As a marine affairs practitioner I’ve always engaged with real-world problem solving more than the average academic and I’m working to keep that part of me going. My wife and I recently launched a watershed planning effort on Whidbey Island where we have lived part time for nearly 20 years and we’ve now got an enthusiastic planning group from throughout our watershed working with us. It’s stakeholder process as I’d like to think we teach it at SMEA.
Farming has deep roots and deep cultural importance in places like South Whidbey, but both the natural environment and human communities are now changing in ways not anticipated when the underlying institutions arrangements were set, in some cases, more than a century ago. We’re taking this as an opportunity to plan for a future that we can see coming and which we hope to be able to deal with on our own terms. I think of it as an exercise in trying to get a grip on sustainability while we have the power to do so. To me it’s an exercise in building greater resilience in a coupled human and nature system very much as we try to teach it at SMEA.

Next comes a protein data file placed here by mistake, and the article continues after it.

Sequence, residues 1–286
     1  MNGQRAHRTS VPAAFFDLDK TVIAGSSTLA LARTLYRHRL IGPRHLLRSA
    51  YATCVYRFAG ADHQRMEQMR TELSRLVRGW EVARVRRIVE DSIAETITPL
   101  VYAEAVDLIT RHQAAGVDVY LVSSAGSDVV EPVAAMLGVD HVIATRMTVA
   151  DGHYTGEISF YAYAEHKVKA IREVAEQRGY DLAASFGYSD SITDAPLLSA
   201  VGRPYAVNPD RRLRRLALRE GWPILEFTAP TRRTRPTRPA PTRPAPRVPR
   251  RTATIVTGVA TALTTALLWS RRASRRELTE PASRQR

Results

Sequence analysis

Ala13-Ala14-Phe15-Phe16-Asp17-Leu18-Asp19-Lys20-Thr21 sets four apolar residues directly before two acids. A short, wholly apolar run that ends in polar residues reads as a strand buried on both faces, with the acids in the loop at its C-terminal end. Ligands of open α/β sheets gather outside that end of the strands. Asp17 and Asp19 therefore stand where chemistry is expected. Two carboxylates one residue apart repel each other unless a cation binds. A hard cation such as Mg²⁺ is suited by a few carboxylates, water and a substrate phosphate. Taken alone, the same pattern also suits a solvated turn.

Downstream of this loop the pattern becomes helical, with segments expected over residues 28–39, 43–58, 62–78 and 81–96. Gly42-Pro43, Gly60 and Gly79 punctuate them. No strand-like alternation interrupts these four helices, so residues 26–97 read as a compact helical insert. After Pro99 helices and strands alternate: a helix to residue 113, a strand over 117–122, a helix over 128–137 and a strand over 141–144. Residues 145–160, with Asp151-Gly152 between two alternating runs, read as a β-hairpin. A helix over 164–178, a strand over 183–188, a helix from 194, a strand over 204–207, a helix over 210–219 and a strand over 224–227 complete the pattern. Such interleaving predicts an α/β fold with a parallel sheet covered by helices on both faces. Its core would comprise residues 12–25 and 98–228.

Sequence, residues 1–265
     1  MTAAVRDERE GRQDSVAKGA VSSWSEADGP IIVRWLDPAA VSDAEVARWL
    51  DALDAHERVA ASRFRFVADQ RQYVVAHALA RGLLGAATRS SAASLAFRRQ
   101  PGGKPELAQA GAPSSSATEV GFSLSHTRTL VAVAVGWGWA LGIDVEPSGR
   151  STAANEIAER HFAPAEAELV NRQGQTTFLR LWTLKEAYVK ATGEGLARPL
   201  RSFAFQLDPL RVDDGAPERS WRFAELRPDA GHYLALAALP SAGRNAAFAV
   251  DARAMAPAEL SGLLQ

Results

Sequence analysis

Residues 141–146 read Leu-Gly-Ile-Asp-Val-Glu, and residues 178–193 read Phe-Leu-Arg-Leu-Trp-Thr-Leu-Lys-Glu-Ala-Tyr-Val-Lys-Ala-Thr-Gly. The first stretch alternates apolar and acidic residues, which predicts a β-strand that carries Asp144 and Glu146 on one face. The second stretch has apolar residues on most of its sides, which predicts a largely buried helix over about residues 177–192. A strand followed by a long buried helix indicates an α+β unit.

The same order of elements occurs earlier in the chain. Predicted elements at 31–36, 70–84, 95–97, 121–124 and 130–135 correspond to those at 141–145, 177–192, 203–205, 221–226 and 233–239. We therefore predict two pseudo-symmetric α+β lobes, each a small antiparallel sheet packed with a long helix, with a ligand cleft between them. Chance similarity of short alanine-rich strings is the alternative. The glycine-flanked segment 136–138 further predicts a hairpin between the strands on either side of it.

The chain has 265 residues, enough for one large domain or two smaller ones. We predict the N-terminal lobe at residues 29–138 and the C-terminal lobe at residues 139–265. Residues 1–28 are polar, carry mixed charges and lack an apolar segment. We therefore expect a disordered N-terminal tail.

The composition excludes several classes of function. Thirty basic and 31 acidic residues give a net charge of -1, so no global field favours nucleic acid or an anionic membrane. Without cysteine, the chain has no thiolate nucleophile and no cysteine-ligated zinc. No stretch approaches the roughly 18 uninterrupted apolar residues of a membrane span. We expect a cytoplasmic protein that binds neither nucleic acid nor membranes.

I’m a year into retirement now, and frankly it doesn’t feel all that much different on a day-to-day basis. I spend most of my days reading, writing and researching in marine affairs at least in part, even if now I’m a bit more relaxed about it. Maybe too relaxed. I spent a lot of time running and biking in my middle years and I’ve been getting back to the biking part.
I’ve long been an avid if untutored bird watcher, so I took a master class over this past year, a really challenging class it turned out. I’d go so far as to say I learned some things about teaching and learning that I didn’t know before, like the importance of the inter-student dynamic to what students learn. Now I’m getting involved with Seattle Audubon and even led a “nature camp” birding trip for some early teens recently, a serious stretch for a person like me.